Now, as an agender person, that embraces what society deems as feminine traits and feminine clothing, I face sexism and transmisogyny simply for being my authentic self. As I stated earlier because it’s the feminine that is the target of sexism, anyone embracing femininity including: effeminate gay men, trans women, dmab non-binary gender identified people, sissies, and cis women all face a form of, or offshoot of, sexism. We as members of these groups need feminism. It’s a common fight that, unfortunately, faces an enemy from within our own communities, from some masculine cis gay men who think effeminate gay men are an embarrassment or worse, to cis women who buy into trans exclusionary radical feminism, to the cis gay men and straight women who look at me with amusement and disdain when I wear a skirt. All of these people should know better because we face the same enemy. How can we stand up to sexism and stand up for feminism when some seek to divide and conquer from within? I won’t let this happen to me and I am proud to be an Agender, Genderqueer Feminist!

I disvovered this wonderful piece by author Trav Mamone about why they are a dmab (designated male at birth) genderqueer feminist…

Why This DMAB Genderqueer Needs Feminism | Queereka


I wasn’t always a feminist. Sure, I always believed in equal rights for people of all genders, but in my twenties I bought all the stereotypes about feminists: they hated men, they all wore Birkenstocks, they were all lesbians, they didn’t shave their armpits, and they all listened to Lilith Fair folk music. Now at nearly 32 years old, after years of deconstructing gender norms–eventually coming out as genderqueer–I realize that feminism is so much more than the stereotypes. In fact, I need feminism not just for my own liberation as a DMAB genderqueer person, but also to unlearn years of internalized misogyny.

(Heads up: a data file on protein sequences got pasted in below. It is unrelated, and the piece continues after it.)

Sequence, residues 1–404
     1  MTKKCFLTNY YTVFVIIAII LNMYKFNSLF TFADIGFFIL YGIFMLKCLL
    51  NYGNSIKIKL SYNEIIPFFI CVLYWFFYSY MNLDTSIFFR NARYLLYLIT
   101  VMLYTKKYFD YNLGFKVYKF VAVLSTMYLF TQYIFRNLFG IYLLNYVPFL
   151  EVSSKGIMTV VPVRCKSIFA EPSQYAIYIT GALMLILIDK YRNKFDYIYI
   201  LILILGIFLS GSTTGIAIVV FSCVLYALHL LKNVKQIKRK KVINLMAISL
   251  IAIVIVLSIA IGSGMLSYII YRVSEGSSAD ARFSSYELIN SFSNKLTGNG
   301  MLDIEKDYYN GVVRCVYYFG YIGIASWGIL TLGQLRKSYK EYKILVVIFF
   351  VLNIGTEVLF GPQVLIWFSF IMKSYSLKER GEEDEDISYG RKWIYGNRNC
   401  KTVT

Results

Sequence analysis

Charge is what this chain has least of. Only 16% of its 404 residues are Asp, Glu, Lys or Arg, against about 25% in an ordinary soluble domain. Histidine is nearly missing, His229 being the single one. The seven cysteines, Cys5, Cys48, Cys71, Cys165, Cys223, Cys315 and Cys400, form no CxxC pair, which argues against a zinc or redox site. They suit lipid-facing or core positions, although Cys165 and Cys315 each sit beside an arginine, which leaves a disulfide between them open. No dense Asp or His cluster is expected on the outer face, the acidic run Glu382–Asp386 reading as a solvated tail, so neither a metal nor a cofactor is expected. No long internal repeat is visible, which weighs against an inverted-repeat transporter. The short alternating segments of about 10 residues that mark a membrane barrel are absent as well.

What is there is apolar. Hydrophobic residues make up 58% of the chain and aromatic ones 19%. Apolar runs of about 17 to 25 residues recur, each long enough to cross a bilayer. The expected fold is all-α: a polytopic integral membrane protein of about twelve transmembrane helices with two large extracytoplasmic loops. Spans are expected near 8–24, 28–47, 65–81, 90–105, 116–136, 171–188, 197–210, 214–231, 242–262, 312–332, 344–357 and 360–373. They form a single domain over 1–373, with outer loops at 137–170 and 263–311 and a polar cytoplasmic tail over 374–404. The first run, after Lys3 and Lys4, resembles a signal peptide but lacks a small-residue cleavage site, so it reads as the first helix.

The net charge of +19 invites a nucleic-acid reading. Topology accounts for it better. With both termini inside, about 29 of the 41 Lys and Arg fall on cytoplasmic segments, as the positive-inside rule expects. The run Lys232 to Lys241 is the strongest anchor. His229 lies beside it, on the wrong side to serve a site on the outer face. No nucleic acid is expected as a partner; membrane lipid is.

There’s a lot of debate–and some blatant transphobia–in the debate over the inclusion of trans politics in feminism. In their bookBi: Notes for a Bisexual Revolution, however, bisexual genderqueer activist Shiri Eisner writes not only are trans politics compatible with feminism, but that ending transphobia and cissexism should be goals for feminists. Eisner writes:

If the goal of feminism is to end patriarchy and gender-based oppression, then transgender politics supplies us one of the most important perspectives from which to view–and challenge–binary gender and gender-based oppression . . . If no clear distinction exists between “male” and “female,” it becomes impossible to oppress people according to their gender. If we have no sole criterion for determining who is “man” and who is “woman,” we can’t know whose role it is to be oppressor, and whose to be oppressed. (p. 235)

Under the patriarchy, masculinity is seen as superior to femininity. Just look at phrases like “Grow a pair” and “Man up” vs. “Don’t be a pussy” and “You throw like a girl.” Phrases like these put genitals on things that have absolutely nothing to do with being a man or a woman. Not only that, but they equate having a penis with being strong and having a vagina with being weak.

And if you’re a person with a penis who expresses femininity in any way, shape, or form (even if you are cisgender), you’re seen as a traitor to the patriarchy. Eisner writes:

While women have fought–and still are fighting–for their right to wear pants, to not be required to wear makeup or shave their entire bodies, men are still strictly forbidden to wear skirts, jewelry, or makeup, to shave their body hair, or to otherwise “feminize” their appearance. Hell, even men ho wear masculine clothes with colors that are too bright, or with the appearance of putting too much effort into it, are policed for their deviation. The complete ban on anything perceived as feminine is meant to secure masculinity’s status as superior and femininity’s status as inferior. (p. 200)